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5.0 out of 5 stars One of my favorites of all time. Dec 18 2002
Format:DVD
It's odd, I know, to call a film charming when its focus is about a woman's two hours of waiting before finding out if she has cancer. But "Cleo" isn't a sad story about cancer, really. It's a charming story about how to live your life somewhere between the superficial and profound when something alarming happens.
Cleo's a pop singer. She sings light ditties that get French radio play. She spends her time shopping for hats, hanging out in cafes, carrying on meaningless-if-romantic affairs with songwriters. She's beautiful. She's fashionable. On the surface, she looks like she's having a good time. And she usually is.
This movie's about what she did in the two hours before receiving her prognosis from her doctor. Should she just go on and live life as if nothing's come along to trouble her? If she chooses to, how does she go about confronting her own mortality?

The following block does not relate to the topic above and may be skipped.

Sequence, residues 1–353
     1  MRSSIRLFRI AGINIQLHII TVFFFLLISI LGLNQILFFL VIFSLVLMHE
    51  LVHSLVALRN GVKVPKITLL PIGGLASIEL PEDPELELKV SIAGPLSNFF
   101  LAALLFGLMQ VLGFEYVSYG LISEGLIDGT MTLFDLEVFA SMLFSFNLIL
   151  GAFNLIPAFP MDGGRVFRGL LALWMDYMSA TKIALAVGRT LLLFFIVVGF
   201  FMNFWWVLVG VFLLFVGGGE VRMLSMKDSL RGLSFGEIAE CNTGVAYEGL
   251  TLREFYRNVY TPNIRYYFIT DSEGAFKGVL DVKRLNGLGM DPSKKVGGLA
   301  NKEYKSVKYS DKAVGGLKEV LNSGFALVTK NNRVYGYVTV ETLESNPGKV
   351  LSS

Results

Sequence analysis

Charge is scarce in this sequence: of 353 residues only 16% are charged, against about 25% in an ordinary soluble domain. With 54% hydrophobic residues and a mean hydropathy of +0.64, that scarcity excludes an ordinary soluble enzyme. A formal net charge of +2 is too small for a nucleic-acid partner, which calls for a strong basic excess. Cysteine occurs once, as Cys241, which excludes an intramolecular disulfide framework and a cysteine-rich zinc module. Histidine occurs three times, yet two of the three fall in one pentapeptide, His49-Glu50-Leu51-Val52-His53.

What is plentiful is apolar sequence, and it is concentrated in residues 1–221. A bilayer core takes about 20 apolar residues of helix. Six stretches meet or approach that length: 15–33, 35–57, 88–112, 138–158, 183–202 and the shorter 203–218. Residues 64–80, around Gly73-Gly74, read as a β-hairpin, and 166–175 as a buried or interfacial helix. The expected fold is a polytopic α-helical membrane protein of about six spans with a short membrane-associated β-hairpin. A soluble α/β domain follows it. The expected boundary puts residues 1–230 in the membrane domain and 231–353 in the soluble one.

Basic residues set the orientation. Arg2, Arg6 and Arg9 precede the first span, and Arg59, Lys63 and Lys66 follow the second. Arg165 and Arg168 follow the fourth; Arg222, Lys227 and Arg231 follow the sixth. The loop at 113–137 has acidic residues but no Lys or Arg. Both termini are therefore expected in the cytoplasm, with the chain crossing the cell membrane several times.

Corinne Marchand, as Cleo, chooses both paths for her. As she wanders the streets of Paris, she plays Cleo as though she's unable to decide whether to be happy-go-lucky. Thus, the lush, beautiful film by Agnes Varda is both light and resonant, fun and meaningful.
It's like an "Amelie" that will make you cry as well as laugh.
Done in a style predating the French New Wave, it manages to be about how to go shopping when you may be about to die.
And the Criterion release is just great.
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Most recent customer reviews
5.0 out of 5 stars An atmosphere for each scene
totally engrosses the viewer to live the 2 hours that Cleo lives. Varda sets divided then sets up the chapters of the film into atmospheres that reveal so mouch more about our lead... Read more